I Wish It Were Tisha B'Av

I wish it were Tisha B’Av*, so we could sit on the floor in the dark, with just a few candles and mumble prayers and grieve. We could read Eicha / Lamentations, the book of Torah that begins, “How?” and know that there is sometimes no satisfying answer.
I wish it were Tisha B’Av because that day feels like a communal shiva, a house of mourning for all. It feels we are in shiva together now, shocked to find we are grieving a direction for America that has abruptly reversed course. We are out of breath. Everything is slower. No one tries to be clever, we just shake our heads and ask, “How?”
On Tisha B’Av there is certain, precise kind of grief because we remember that we were not innocent victims, rather, we had something to do with the destruction of the Temple. We all own a piece of it. The rabbis have suggestion after suggestion about what really caused it to fall. Were we too cruel to each other? Too insular? Too interested in our own laws and protocol at the expense of justice? We are implicated, then and now, for those same forces. But the rabbis use that destruction, and our implication in it, not as the end but as the beginning. They try to understand from that dark place what a society must be. They know that even if the Temple was destroyed the lessons we learned there must live on, our way of being holy and just and generative in the world depends on those lessons.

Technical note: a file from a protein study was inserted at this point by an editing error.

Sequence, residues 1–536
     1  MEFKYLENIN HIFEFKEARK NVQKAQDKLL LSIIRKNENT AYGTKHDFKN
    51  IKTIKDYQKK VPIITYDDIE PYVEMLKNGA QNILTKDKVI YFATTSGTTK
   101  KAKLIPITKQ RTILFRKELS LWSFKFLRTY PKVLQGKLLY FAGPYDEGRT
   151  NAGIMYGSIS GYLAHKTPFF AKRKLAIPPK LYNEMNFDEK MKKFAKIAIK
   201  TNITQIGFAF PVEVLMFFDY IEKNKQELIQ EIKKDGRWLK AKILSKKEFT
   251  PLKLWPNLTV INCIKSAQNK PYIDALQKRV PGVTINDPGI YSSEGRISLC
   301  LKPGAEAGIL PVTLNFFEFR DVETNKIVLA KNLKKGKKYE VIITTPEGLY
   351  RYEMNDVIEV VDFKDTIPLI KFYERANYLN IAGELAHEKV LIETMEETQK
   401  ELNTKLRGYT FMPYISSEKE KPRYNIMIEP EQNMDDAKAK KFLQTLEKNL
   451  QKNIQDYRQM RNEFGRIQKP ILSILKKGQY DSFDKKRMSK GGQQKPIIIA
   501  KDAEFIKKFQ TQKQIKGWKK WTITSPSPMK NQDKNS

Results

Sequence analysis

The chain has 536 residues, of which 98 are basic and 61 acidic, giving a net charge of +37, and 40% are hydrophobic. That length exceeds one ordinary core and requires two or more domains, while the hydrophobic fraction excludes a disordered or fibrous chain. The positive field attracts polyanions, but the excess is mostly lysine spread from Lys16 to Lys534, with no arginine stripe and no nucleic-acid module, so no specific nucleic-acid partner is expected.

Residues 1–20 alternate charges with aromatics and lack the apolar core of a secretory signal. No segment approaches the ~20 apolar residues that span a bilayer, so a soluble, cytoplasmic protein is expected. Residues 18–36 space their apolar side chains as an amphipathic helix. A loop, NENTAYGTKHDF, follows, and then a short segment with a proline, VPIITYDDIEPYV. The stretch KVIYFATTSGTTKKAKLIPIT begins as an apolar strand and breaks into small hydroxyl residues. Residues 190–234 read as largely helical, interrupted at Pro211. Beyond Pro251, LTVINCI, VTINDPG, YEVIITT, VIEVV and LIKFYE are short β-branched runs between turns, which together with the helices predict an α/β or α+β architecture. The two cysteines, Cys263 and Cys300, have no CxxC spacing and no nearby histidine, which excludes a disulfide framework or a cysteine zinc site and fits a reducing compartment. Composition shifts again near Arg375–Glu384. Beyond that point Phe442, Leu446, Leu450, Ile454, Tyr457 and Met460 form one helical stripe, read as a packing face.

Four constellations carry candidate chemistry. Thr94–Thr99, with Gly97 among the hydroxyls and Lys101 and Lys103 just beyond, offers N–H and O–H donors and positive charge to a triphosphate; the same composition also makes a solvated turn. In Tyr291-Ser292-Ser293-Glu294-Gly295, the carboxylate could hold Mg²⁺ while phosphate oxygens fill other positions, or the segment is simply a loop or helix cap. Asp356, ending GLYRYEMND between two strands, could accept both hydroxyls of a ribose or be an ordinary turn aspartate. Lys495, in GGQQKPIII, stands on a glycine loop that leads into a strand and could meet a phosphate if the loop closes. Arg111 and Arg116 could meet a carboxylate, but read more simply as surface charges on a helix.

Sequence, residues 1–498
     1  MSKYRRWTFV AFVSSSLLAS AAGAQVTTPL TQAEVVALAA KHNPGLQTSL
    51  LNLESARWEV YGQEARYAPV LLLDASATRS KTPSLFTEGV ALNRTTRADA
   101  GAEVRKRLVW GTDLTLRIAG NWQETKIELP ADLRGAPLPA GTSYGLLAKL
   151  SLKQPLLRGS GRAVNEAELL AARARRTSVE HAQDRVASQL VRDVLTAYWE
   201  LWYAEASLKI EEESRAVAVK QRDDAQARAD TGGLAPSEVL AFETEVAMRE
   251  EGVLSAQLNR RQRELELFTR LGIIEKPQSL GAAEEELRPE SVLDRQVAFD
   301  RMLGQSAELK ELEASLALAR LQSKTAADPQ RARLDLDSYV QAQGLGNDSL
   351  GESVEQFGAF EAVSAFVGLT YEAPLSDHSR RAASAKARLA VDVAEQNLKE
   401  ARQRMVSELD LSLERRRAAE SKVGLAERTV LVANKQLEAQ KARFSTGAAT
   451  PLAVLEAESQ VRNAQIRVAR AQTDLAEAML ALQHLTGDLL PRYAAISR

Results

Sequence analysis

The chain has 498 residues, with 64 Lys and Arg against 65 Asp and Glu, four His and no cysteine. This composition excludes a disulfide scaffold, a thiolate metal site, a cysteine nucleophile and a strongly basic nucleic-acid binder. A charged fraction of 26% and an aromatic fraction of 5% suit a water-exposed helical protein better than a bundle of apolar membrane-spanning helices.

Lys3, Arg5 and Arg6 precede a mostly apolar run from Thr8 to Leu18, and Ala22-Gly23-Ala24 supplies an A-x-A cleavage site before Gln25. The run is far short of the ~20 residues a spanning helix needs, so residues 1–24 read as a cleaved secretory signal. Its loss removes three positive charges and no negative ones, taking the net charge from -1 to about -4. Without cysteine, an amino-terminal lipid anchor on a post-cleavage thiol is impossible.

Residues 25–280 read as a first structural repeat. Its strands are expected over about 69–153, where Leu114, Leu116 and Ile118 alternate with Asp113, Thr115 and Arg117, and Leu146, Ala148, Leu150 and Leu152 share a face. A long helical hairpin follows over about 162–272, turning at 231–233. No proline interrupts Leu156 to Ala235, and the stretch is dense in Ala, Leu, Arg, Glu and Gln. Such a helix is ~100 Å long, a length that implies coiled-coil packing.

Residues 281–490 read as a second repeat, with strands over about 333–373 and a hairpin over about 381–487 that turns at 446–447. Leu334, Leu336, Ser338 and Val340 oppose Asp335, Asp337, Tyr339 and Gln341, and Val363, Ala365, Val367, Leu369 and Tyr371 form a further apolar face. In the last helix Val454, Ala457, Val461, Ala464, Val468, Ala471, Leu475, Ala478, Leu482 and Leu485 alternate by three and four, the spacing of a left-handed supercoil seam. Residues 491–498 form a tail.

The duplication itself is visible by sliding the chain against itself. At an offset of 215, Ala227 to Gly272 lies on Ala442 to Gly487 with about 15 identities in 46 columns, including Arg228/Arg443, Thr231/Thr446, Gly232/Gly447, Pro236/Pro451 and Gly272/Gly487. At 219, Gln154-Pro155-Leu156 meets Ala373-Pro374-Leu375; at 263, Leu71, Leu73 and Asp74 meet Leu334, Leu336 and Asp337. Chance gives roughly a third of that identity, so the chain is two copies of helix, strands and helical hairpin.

So for we Jews + we who do Jewish, it is a dark day, but we have been here before. We know what it is like to lose most everything. We know from Talmud that we cannot stay hidden in the ruins of what was, what we wanted life to be, what we wished it were. Rather we must take our prayers, even if they are shorter, even if they are rushed, back to the messy streets where they can do some good and be added to many other prayers.
This destruction must become our starting point. We will first take our time to mourn and see all that fell, to console one another. And then, even in our disappointment, we will stand up from the darkness and we will carry that question “How?” into the light.
We have been here before. Once we allow ourselves to absorb the weight of what has happened in our time, on our watch, we will return to the streets and begin again.

Rabbi Noa Kushner, November 9, 2016


* Day we mourn the destruction, thousands of years ago, of the Temple in Jerusalem.